So, why hasn’t there been the anticipated change? What about the tens of thousands of illegal immigrants that were predicted to flee to surrounding states and Mexico in search of jobs and government aid?

Part of the problem may be that Oklahoma business owners have been intimidated by the threat of being sued at the Federal level for discrimination if they try to obey the law at the local level.

The Tulsa World reported on Monday:

Oklahoma’s immigration law was one of the first passed by a state and is viewed by some as the most stringent.

It already has drawn a lawsuit filed by the U.S. Chamber of Commerce and local chambers in Tulsa and Oklahoma City, which are asking the court to bar the state from implementing provisions on verifying eligibility for workers and authorization status of independent contractors.

Those provisions, the lawsuit claims, place an unreasonable and unfair burden on Oklahoma businesses.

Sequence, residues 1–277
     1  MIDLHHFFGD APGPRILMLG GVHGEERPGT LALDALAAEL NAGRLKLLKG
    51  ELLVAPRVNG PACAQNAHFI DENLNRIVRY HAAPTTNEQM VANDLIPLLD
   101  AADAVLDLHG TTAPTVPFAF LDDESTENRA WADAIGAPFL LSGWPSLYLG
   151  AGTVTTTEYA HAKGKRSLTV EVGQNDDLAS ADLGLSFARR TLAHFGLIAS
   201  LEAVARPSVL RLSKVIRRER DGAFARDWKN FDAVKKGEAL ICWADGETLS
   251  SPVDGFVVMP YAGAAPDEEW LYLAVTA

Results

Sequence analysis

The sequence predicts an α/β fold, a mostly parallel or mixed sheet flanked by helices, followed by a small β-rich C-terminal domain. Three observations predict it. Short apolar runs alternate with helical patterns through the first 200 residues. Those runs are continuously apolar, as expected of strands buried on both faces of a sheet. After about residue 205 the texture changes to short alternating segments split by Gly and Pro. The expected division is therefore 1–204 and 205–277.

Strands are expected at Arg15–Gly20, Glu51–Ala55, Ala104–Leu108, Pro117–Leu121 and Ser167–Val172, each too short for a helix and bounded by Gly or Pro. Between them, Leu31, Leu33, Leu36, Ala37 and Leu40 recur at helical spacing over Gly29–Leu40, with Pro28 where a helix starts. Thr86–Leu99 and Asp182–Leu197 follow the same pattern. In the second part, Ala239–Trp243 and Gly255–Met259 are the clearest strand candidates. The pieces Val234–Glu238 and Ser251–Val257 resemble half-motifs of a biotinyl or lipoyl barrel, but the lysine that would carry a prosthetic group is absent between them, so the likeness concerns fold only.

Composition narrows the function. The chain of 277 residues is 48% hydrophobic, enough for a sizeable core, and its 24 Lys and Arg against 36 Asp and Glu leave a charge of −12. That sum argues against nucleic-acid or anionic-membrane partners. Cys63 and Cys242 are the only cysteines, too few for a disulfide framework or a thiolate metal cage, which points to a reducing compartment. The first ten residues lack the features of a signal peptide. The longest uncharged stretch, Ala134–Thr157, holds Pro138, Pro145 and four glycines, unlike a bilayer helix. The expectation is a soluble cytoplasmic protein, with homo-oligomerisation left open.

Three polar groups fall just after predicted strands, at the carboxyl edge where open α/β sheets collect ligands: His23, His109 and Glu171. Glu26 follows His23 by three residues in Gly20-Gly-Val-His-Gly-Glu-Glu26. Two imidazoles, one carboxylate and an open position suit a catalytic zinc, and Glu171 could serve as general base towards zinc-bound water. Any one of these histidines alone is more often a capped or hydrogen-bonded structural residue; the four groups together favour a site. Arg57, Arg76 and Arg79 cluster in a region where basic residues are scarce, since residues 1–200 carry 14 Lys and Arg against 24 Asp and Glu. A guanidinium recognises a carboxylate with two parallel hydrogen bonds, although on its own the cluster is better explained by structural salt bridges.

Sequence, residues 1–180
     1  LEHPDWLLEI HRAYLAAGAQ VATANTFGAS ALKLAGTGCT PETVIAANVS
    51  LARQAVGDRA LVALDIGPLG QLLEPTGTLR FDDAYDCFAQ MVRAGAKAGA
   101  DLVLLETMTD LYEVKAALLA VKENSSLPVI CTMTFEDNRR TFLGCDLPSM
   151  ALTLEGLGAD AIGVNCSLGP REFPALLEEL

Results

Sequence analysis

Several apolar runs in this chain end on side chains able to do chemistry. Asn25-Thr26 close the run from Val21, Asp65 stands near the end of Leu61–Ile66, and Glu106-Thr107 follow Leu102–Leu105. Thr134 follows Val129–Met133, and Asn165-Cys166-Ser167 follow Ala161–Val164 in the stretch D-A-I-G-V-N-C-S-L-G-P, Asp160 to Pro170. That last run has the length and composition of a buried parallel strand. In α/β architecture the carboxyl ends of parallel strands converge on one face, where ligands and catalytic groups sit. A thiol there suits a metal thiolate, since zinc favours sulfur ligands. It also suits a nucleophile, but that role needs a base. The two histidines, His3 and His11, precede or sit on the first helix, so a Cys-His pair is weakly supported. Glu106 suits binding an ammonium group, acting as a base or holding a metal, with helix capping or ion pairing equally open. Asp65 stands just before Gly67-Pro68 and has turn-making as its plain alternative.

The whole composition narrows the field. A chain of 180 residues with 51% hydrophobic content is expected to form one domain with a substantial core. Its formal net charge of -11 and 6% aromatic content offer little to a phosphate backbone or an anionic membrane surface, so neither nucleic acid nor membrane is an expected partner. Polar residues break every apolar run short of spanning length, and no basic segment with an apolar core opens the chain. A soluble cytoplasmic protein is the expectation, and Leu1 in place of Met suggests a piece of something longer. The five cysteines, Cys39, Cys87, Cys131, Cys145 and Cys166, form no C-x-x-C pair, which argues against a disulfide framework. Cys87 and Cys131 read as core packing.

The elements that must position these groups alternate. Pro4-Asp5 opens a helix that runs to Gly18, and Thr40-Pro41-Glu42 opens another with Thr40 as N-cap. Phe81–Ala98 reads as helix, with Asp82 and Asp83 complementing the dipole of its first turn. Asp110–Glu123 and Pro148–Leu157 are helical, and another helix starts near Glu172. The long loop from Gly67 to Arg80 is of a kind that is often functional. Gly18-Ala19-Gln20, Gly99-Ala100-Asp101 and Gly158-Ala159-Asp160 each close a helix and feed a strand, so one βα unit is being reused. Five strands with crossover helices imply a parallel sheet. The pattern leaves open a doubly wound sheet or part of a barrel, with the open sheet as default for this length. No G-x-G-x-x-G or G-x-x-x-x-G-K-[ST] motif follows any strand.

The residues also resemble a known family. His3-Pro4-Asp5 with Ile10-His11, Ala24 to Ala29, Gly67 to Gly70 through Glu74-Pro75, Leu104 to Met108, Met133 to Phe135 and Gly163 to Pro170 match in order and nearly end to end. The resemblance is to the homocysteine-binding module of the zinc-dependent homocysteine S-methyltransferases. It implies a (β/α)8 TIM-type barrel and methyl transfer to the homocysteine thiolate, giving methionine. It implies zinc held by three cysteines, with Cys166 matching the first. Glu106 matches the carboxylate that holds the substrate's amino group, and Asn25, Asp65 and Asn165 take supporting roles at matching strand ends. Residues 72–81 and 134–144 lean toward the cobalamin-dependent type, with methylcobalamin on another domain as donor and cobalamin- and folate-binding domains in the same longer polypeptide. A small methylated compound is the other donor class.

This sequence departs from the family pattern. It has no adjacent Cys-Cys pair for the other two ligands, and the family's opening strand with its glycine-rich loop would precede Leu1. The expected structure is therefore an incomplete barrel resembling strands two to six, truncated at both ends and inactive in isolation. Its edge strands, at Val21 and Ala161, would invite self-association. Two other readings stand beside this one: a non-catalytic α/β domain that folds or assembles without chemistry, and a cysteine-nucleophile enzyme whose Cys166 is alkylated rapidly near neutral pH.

As the Democrat and Gazette concluded:

Observers say immigrants are staying because they realize that the get-tough law is only as tough as its enforcement…Police statewide have not adopted a proactive enforcement posture that includes making workplace raids. “Once they realized Oklahoma had not turned into a Gestapo state, they thought they would come on home,” [Paul Kane] said.

For his part, [Lonnie Vaughan of the anti-1804 group United Front Task Force] still is shuttling immigrants without driver’s licenses to the church where he is associate pastor. “Every time I get in the van, I’m committing a felony,” he said, convinced that some of the flock are in the country illegally. But he said he doesn’t believe, even in the state with America’s toughest immigration law, Oklahoma would bring a felony charge against a citizen for driving someone to church.

Merit Pay Bill for Teachers Advances

February 28, 2008

OK HB 3390 moves to the full house after being approved by the Education Committe yesterday. This bill, authorized by former Speaker Cargill, who is critized the current pay-scale, which is based on years of service:

That’s a 19th-century industrial model of compensation. Pay raises should be targeted to teachers who go the extra mile, work hard.

Thad Jones, co-author of the bill and chair of the Education committe explained,